The Doors: Anniversary Reissue of The Soft Parade

The Doors’ fourth studio album, The Soft Parade, gets the deluxe reissue treatment this autumn to celebrate the album’s 50th anniversary.

The Doors Soft Parade 50th Anniversary

The Soft Parade became the band’s fourth straight Top Ten album when it was released 50 years ago on July 18, 1969. Despite featuring one of the group’s biggest hits – Touch Me – it remains the most-polarising record of The Doors’ career thanks to the brass and string arrangements that embellish several tracks.

To commemorate the album’s 50th anniversary, Rhino is reimagining The Soft Parade on a newly expanded 3CD/1LP set that will be available on 18 October.

The Deluxe edition includes the original studio album – and the B-side Who Scared You – newly remastered by Bruce Botnick, The Doors’ longtime engineer and mixer. The collection is a limited edition of 15,000 individually numbered copies and also includes the original album on 180-gram vinyl along with liner notes by noted rock journalist David Fricke.

A hand-numbered 36×18 lithograph of the interior vinyl gatefold artwork, limited to 500 copies, is available exclusively at and while supplies last.

The core of the new collection is comprised of more than a dozen unreleased songs. Among the highlights are stripped down Doors Only versions of five tracks where the horns and strings have been removed (Tell All The People, Touch Me, Wishful Sinful, Runnin’ Blue, and Who Scared You.) The set also features three of those stripped-back versions with new guitar parts added by Robby Krieger (Touch Me, Wishful Sinful and Runnin’ Blue).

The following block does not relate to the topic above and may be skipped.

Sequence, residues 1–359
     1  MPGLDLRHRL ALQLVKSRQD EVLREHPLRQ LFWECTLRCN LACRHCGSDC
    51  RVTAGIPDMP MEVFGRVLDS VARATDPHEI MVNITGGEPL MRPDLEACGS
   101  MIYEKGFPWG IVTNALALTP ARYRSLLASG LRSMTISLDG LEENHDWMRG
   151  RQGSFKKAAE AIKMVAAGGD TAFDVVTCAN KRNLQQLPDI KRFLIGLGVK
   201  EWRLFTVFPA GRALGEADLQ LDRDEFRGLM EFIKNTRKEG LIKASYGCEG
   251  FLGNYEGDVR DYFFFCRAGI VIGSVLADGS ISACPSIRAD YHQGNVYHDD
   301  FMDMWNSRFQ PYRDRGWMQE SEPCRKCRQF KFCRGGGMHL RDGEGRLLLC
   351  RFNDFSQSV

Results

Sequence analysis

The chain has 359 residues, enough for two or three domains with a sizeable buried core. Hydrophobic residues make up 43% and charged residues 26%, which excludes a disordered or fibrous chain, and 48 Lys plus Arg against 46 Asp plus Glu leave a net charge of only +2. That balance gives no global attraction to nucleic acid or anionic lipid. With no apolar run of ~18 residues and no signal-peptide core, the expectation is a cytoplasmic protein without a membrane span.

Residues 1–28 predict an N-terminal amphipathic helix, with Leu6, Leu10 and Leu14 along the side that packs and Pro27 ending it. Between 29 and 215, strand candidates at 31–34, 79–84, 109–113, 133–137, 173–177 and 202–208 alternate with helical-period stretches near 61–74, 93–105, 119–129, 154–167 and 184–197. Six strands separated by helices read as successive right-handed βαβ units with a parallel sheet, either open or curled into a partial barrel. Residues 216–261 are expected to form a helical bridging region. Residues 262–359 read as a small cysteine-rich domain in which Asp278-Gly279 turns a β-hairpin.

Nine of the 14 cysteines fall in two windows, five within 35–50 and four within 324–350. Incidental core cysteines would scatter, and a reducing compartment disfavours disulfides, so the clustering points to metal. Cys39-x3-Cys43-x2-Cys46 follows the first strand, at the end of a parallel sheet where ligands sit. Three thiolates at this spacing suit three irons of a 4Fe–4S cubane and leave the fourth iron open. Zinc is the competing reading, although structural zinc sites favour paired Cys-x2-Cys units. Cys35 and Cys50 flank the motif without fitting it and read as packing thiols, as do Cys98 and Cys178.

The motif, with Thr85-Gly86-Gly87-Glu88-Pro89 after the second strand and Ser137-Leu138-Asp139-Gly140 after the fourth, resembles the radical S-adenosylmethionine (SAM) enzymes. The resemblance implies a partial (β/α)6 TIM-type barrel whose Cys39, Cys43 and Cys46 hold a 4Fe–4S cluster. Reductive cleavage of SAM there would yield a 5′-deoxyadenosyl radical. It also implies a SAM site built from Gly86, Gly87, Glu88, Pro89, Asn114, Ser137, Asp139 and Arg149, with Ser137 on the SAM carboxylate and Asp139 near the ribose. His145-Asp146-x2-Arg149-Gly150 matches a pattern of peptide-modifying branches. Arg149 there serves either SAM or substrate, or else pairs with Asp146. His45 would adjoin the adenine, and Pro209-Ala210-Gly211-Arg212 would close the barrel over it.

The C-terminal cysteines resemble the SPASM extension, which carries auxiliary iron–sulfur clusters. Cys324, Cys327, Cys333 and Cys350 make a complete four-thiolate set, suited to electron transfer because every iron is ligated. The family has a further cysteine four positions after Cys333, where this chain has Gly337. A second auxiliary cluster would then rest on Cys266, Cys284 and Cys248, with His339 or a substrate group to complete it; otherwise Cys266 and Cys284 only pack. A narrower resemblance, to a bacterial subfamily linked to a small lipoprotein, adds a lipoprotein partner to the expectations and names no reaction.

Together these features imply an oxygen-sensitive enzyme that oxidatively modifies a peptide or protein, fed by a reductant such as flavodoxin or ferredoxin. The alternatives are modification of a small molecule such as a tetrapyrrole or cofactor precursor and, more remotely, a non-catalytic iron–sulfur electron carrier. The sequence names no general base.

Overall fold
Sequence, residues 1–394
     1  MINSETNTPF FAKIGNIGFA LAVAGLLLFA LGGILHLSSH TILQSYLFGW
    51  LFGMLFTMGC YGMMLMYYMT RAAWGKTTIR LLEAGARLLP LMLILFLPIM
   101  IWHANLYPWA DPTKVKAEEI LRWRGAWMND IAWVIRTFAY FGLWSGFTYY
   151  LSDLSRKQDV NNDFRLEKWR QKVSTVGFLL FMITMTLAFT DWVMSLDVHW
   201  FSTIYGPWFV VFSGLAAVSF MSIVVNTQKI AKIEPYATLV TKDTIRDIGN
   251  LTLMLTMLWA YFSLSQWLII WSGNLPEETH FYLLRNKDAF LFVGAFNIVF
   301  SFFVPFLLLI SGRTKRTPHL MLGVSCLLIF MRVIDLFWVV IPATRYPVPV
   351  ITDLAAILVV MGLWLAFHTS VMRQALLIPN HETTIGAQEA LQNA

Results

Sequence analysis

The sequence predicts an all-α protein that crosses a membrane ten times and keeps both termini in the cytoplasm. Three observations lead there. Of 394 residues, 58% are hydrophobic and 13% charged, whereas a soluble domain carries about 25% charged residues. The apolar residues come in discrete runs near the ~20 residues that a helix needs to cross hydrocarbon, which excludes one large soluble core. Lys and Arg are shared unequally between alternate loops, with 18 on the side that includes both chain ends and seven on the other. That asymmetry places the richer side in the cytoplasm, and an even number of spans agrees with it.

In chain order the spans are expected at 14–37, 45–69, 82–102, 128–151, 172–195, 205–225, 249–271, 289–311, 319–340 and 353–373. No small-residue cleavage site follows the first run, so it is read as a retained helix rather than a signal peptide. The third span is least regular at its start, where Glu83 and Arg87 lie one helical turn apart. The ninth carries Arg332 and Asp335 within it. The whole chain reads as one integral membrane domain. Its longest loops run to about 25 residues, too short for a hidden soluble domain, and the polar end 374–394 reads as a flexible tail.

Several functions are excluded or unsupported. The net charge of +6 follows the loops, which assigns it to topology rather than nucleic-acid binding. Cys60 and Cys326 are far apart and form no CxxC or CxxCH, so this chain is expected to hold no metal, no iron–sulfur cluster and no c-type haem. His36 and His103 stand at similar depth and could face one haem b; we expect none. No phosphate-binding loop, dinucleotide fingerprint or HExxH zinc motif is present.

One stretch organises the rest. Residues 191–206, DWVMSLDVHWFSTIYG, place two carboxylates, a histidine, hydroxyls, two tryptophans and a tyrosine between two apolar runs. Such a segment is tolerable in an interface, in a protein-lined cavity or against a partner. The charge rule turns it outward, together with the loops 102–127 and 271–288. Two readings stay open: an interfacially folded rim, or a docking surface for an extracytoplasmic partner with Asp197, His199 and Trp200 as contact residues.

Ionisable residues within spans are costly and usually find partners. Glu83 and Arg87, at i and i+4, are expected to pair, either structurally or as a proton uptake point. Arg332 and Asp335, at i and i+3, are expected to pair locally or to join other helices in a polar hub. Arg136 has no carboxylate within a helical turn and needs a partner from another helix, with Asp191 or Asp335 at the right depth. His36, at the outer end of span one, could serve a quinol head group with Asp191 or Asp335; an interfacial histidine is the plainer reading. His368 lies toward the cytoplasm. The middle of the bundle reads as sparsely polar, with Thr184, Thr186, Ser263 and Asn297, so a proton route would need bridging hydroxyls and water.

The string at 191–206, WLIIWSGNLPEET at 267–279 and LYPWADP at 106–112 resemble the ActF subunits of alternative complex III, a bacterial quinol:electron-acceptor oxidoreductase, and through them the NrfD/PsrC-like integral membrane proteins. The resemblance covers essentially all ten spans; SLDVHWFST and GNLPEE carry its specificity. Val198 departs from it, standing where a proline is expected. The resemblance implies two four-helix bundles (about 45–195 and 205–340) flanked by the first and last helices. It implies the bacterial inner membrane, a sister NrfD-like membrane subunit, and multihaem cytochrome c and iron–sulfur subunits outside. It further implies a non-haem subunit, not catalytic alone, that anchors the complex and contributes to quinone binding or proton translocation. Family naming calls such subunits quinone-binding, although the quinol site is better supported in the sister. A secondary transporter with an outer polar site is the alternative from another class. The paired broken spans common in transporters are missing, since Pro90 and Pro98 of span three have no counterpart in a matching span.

The collection also uncovers three songs from studio rehearsals – with Ray Manzarek (a.k.a. Screamin’ Ray Daniels) on vocals – that include an early version of Roadhouse Blues, a song that would be released the following year on Morrison Hotel. These three songs include newly recorded bass parts by Robert DeLeo of Stone Temple Pilots, who joined Krieger and John Densmore at a tribute concert for Manzarek in 2016, three years after the organist died of cancer.